A Mighty Wind


The biggest problem with A Mighty Wind is that it gets so involved with telling its story that it occasionally forgets to be comedy. Make no mistake, it’s not a bad story, but it’s not a story of talentless but enthusiastic losers like Waiting For Guffman or of hilariously obsessive dog lovers like Best In Show. The faux-folk musicians in A Mighty Wind are actually quite good at what they do and they’re not clueless buffoons like Spinal Tap. The dramatic elements, especially the story of Mitch (Catherine O’Hara) and Mickey (Eugene Levy) take control and the outright comedic elements, especially those of Fred Willard, tend to hang in the air like a loud fart at a funeral.

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Folk music impresario Irving Steinbloom has died and his family is staging a reunion concert of his top acts in the hall where they used to play. Well, one son, Jonathan (Bob Balaban) is staging it. His brother (Don Lake) hates folk music and his sister (Deborah Theaker) can’t stop crying.

First on the bill are the Folksmen, a quirky trio who bear a striking resemblance to heavy metal band called Spinal Tap (Christopher Guest, Michael McKean and Harry Shearer). Their sole hit song revolved around a roadside diner with a faulty neon sign. It’s funny the first time you hear it, not so much the third or fourth.

Also along are The New Main Street Singers, a squeaky clean bunch who have little if anything to do with the original Main Street Singers. Their connection is the descendant of one member (John Michael Higgins), whose wife, a former porn star (Jane Lynch), is also in the group. The new band is the brainchild of one of the original members and the spectacularly crass sitcom actor-turned-agent Mike LaFontaine (Willard), whose fifteen minutes of fame ended about fourteen minutes early and, judging by his collection of catch phrases, it appears that was about fifty-nine seconds too late.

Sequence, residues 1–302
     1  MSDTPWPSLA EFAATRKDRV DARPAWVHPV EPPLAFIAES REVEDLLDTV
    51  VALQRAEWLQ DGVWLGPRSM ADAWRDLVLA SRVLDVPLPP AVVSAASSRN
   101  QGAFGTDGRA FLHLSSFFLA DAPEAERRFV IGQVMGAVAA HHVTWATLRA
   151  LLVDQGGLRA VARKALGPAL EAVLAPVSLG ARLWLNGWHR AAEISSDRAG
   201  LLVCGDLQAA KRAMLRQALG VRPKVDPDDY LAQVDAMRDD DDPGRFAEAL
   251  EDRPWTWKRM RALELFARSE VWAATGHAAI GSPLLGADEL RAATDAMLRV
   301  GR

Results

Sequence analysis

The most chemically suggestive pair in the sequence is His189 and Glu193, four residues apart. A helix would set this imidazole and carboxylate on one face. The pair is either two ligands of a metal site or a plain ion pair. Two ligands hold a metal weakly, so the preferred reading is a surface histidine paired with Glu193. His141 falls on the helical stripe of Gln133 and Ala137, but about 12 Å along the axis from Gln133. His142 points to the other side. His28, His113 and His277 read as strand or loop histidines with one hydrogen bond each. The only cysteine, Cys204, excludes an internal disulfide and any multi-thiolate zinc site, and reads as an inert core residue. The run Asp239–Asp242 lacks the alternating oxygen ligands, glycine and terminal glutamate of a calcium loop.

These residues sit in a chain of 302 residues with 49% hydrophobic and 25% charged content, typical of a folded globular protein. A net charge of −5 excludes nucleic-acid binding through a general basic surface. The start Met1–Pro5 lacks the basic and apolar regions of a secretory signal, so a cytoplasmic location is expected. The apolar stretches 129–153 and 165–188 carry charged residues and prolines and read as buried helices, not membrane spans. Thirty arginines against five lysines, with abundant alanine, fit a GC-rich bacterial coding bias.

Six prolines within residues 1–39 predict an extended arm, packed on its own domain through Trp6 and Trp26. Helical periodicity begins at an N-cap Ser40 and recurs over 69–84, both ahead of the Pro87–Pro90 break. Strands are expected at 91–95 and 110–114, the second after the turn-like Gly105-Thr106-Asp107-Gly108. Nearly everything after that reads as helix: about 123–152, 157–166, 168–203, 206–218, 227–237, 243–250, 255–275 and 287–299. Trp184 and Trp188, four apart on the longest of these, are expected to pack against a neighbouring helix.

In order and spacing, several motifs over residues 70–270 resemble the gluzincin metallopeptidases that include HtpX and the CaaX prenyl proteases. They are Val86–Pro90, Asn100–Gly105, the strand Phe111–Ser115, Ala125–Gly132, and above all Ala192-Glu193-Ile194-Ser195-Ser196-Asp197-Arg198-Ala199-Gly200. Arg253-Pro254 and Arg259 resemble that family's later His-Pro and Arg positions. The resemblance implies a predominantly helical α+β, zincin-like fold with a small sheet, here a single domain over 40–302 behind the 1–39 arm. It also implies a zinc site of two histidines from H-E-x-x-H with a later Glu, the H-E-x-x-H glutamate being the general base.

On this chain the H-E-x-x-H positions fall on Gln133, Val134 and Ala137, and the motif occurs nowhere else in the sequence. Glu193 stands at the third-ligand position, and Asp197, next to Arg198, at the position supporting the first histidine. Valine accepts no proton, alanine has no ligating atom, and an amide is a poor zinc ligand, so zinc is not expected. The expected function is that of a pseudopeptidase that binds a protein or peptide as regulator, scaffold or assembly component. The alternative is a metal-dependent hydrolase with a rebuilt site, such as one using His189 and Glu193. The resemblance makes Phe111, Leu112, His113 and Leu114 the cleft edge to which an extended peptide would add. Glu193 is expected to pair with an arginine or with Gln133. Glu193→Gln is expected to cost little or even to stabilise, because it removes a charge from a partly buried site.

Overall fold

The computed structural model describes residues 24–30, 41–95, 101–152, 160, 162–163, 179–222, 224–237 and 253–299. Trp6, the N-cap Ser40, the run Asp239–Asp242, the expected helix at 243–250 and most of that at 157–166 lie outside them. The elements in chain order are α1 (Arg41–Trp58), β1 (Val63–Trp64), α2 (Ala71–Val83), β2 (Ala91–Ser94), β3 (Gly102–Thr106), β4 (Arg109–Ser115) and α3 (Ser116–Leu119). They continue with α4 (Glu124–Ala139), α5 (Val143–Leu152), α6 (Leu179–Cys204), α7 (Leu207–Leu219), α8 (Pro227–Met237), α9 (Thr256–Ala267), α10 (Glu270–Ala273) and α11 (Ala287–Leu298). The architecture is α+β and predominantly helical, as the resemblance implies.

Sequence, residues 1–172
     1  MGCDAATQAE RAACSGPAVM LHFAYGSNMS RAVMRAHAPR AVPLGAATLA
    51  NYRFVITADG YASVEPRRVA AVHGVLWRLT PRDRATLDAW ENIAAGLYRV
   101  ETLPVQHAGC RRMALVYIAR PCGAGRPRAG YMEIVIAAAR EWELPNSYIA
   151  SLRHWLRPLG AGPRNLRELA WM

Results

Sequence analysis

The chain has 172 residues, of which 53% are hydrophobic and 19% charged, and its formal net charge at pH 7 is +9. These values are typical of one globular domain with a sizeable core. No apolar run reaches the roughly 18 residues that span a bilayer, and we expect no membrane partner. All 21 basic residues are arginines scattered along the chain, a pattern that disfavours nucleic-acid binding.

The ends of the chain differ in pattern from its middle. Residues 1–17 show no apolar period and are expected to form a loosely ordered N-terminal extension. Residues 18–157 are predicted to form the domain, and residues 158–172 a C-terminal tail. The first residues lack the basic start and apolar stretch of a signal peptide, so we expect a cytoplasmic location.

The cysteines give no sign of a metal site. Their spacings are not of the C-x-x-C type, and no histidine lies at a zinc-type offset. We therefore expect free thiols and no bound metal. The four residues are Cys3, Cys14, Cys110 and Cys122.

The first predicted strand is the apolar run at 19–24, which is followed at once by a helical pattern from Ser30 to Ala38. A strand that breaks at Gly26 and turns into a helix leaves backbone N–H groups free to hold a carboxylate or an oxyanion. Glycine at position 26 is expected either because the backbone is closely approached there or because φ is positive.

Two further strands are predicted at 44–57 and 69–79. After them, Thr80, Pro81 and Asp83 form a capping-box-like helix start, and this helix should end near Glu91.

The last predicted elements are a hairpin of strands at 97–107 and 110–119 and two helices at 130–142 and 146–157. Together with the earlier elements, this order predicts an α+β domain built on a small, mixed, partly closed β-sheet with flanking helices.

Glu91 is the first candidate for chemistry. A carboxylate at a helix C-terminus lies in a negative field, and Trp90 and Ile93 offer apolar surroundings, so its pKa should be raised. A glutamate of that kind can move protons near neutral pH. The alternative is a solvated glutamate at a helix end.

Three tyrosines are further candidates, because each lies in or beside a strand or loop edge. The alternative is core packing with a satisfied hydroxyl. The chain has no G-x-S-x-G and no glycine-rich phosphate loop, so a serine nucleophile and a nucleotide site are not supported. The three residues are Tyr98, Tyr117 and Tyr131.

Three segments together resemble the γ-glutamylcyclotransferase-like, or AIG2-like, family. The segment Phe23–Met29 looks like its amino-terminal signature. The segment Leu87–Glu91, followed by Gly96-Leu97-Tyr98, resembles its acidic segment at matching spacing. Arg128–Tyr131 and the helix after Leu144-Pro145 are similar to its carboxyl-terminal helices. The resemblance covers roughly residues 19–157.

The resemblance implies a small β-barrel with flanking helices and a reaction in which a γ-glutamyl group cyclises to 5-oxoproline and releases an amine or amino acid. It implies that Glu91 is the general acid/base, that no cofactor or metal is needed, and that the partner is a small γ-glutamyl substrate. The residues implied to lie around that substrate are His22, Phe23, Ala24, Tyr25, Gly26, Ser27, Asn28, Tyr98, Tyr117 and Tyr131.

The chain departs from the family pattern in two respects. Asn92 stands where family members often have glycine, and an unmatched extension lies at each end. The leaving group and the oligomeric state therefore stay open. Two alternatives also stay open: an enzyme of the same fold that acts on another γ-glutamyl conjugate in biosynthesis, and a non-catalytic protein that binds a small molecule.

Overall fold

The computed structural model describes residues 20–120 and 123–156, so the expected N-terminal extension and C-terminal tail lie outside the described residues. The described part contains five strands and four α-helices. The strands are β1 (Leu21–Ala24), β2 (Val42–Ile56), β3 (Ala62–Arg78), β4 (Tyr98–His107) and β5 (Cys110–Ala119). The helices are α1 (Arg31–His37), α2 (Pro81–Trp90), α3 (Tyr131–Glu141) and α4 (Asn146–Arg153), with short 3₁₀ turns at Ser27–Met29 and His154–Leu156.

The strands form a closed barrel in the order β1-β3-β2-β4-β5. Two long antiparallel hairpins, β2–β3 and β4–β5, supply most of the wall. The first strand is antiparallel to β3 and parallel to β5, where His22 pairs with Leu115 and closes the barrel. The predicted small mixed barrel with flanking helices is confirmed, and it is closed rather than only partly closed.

The real attraction is the possible reunion of Mitch and Mickey, the former “first couple of folk music.” The only question whether or not Mickey can be coaxed out of seclusion for the show. When their professional and romantic relationship ended back in the seventies, Mickey went into what could only be described as a psychological death spiral. When he finally does appear, it’s obvious that it’s taken many years of medication and probably shock therapy to make him semi-functional again. Even when he does emerge from hiding, there is real suspense as to whether he will completely freak out and bolt. The other lingering question is whether Mitch’s husband will notice that his wife still has eyes for her nearly catatonic ex-partner.

The movie culminates is a concert produced for public television by Lars Olfsen (Ed Begley, Jr.), who appears to have a great deal of pride in his Swedish/Jewish heritage. Meanwhile, the fussy show business neophyte Jonathan Steinbloom is driving the theater owner (Michael Hitchcock) to the point of homicide.

Again, the Mitch and Mickey story dominates while the music is not nearly incompetent enough to be a source of humor. There is nothing wrong with this except if you came in expecting another Best in Show. The performances are excellent and the characters richly observed, but the movie succeeds mostly in being a sad but heartwarming love story, a mortal sin if you’re trying to be a comedy.

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